In a letter to the President of the Security Council dated 18 August 2016, UN Secretary General Ban Ki-Moon, recommended that “States should use tools and means of leverage at their disposal, such as diplomatic, political and economic means, to ensure that parties to armed conflict respect their obligations under international law in relation to the protection of medical care in armed conflict”.

However, nothing has changed on the ground and medical units and personnel continue to be targeted.

 “It is a disgusting and blatant disregard for the special protected status of health-care facilities under international humanitarian law; a clear ‘spit in the face’ defiance of your resolution [2286]” Under-Secretary-General For Humanitarian Affairs and Emergency Relief Coordinator, Stephen O’Brien, Statement to the Security Council on Syria, 21 November 2016

STILL NO ACCOUNTABILITY

Under customary IHL, States have the duty to investigate war crimes allegedly committed by their nationals or armed forces, or on their territory, and if appropriate, prosecute the suspects. Attacks against medical units are war crimes. Such a duty to investigate and hold to account is applicable to non-state actors. When they fail to do so, UN Secretary General recommended in its 18th August letter that “the Security Council should consider establishing international fact-finding missions or commissions of inquiry […] to investigate allegations of serious violations of international law relating to the protection of medical care in armed conflict”.

It is time to act.

Since we do have a difference of opinion between the Minister Mouallem [Government of Syria Foreign Affairs Minister] saying that there is total denial of any aerial bombing of hospitals in eastern Aleppo and our point of view that indicates that there has been tragic bombing of hospital in eastern Aleppo and elsewhere frankly, then perhaps we should be allowed to send a verification team on the UN side and made by the UN and other partners to verify the damage of the hospitals in both east and west Aleppo.”  UN Special envoy for Syria, Staffan de Mistura, Press Conference, 20 November 2016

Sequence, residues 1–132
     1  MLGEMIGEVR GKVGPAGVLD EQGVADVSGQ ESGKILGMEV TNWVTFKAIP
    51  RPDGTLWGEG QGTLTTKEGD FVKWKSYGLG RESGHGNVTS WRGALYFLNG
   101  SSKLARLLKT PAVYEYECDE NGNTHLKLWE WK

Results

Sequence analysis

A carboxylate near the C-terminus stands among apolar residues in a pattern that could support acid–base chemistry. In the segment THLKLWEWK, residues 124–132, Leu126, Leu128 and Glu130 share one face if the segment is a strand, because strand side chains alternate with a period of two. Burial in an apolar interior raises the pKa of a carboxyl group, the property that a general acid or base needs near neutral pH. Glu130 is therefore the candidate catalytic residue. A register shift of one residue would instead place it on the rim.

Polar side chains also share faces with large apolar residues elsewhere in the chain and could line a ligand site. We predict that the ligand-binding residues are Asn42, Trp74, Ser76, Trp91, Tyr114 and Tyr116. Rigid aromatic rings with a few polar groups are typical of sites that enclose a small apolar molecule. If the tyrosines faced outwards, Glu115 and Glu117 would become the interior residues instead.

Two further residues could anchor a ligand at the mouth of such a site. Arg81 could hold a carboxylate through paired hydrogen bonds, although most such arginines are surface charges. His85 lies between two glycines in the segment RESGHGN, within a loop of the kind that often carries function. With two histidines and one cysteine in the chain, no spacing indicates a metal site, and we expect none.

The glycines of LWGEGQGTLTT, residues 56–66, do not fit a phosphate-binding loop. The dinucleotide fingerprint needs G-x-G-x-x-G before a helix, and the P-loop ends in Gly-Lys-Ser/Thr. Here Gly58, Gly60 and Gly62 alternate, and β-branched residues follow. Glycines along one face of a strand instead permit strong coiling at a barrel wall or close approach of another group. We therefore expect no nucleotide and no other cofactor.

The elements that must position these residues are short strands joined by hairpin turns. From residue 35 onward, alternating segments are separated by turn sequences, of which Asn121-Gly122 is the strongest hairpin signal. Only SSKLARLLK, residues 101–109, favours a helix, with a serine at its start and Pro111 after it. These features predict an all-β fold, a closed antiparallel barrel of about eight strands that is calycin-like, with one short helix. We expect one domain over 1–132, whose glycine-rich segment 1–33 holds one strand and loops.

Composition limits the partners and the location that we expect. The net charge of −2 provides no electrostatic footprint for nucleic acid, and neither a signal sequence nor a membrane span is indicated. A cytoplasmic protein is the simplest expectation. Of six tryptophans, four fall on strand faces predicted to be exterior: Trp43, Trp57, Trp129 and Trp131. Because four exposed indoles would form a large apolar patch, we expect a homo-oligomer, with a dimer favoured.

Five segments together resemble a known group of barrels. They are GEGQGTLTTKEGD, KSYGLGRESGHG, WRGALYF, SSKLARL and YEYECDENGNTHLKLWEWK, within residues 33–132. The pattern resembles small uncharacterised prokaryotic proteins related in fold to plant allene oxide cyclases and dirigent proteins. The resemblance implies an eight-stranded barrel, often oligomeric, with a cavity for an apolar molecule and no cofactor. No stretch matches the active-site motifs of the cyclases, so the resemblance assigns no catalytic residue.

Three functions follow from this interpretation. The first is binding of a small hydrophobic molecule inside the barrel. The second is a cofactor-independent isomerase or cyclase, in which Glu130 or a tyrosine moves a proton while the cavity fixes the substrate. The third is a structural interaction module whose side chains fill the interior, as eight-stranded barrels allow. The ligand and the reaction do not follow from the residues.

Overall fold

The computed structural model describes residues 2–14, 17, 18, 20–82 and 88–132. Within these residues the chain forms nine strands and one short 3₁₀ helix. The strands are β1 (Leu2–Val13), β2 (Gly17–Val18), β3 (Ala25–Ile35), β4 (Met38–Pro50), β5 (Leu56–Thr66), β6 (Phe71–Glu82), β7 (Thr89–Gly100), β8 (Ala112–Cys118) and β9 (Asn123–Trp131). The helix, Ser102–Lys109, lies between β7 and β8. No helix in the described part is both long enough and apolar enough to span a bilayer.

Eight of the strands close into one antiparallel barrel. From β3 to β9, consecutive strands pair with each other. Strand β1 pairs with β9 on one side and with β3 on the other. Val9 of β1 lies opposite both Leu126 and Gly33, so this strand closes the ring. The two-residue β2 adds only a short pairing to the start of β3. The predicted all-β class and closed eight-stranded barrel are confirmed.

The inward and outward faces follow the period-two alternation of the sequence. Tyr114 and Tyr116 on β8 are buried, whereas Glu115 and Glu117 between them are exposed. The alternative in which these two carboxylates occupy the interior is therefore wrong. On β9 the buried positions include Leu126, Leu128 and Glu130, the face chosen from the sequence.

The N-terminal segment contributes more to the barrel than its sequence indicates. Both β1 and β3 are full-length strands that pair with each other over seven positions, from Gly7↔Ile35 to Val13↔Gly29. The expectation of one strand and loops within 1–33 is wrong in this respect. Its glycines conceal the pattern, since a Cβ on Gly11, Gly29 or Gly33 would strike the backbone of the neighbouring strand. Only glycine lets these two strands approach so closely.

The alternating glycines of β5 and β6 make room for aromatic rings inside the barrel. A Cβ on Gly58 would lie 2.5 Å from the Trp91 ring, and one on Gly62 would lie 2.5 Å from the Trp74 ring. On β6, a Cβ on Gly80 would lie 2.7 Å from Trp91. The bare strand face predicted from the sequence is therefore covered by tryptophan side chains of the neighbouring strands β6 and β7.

RECOMMENDATIONS

To UN Security Council members:

  • UNSC members should take immediate steps to hold accountable all parties to the conflict for breaches of international law:
  1. UNSC members should establish an International Fact-Finding Mission/Commission of Enquiry on violations of international law relating to the protection of medical care in armed conflict.
  2. UNSC members should refer the situation to justice, to the International Criminal Court or an ad hoc tribunal.
  • UNSC members should ensure the full implementation of the UNSCR 2286.

To the parties to the conflict:

  • Parties to the conflict should abide by the norms that safeguard health care facilities, workers and patients, including international humanitarian law, human rights law, the Humanitarian Charter, humanitarian principles, medical ethics and duty of care and immediately cease attacks on health facilities, medical personnel and patients.